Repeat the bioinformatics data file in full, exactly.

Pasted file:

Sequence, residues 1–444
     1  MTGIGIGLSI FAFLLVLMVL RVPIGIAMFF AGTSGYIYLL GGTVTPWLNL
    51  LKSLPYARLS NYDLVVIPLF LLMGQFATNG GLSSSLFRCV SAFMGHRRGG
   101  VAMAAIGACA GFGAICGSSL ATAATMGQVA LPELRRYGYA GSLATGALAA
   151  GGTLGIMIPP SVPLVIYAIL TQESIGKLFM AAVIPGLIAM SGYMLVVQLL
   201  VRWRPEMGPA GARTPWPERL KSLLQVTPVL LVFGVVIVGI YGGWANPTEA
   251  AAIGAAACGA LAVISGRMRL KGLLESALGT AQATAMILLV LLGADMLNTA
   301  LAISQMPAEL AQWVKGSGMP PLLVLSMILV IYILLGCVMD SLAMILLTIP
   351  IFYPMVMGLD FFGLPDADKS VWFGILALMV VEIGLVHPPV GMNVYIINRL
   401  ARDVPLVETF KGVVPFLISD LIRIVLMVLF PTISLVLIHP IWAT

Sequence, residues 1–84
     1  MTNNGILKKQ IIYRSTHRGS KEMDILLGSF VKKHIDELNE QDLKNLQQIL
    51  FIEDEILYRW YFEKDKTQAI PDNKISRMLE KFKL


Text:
Sequence, residues 1–444
     1  MTGIGIGLSI FAFLLVLMVL RVPIGIAMFF AGTSGYIYLL GGTVTPWLNL
    51  LKSLPYARLS NYDLVVIPLF LLMGQFATNG GLSSSLFRCV SAFMGHRRGG
   101  VAMAAIGACA GFGAICGSSL ATAATMGQVA LPELRRYGYA GSLATGALAA
   151  GGTLGIMIPP SVPLVIYAIL TQESIGKLFM AAVIPGLIAM SGYMLVVQLL
   201  VRWRPEMGPA GARTPWPERL KSLLQVTPVL LVFGVVIVGI YGGWANPTEA
   251  AAIGAAACGA LAVISGRMRL KGLLESALGT AQATAMILLV LLGADMLNTA
   301  LAISQMPAEL AQWVKGSGMP PLLVLSMILV IYILLGCVMD SLAMILLTIP
   351  IFYPMVMGLD FFGLPDADKS VWFGILALMV VEIGLVHPPV GMNVYIINRL
   401  ARDVPLVETF KGVVPFLISD LIRIVLMVLF PTISLVLIHP IWAT

Sequence, residues 1–84
     1  MTNNGILKKQ IIYRSTHRGS KEMDILLGSF VKKHIDELNE QDLKNLQQIL
    51  FIEDEILYRW YFEKDKTQAI PDNKISRMLE KFKL